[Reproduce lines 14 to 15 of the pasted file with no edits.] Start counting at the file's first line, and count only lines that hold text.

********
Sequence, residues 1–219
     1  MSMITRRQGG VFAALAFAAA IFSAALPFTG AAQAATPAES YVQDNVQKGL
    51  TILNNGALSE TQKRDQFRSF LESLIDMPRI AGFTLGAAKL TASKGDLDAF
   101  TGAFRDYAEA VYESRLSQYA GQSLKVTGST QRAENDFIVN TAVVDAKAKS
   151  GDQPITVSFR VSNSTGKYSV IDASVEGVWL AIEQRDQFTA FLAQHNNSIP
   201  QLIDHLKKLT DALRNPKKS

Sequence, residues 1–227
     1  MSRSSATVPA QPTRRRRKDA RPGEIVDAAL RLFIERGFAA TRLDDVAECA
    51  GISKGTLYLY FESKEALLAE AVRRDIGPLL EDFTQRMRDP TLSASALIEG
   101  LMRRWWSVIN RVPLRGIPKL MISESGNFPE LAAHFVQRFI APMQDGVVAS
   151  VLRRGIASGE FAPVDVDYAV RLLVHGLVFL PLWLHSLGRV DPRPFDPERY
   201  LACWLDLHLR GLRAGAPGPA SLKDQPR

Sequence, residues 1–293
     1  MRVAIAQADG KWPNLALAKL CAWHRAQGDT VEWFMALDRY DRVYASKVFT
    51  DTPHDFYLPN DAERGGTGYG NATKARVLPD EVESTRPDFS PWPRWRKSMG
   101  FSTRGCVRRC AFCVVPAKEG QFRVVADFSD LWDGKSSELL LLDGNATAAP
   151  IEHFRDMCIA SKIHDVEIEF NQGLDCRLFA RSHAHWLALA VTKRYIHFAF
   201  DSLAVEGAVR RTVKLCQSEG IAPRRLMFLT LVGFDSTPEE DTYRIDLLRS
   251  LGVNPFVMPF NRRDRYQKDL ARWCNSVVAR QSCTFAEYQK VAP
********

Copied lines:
     1  MRVAIAQADG KWPNLALAKL CAWHRAQGDT VEWFMALDRY DRVYASKVFT
    51  DTPHDFYLPN DAERGGTGYG NATKARVLPD EVESTRPDFS PWPRWRKSMG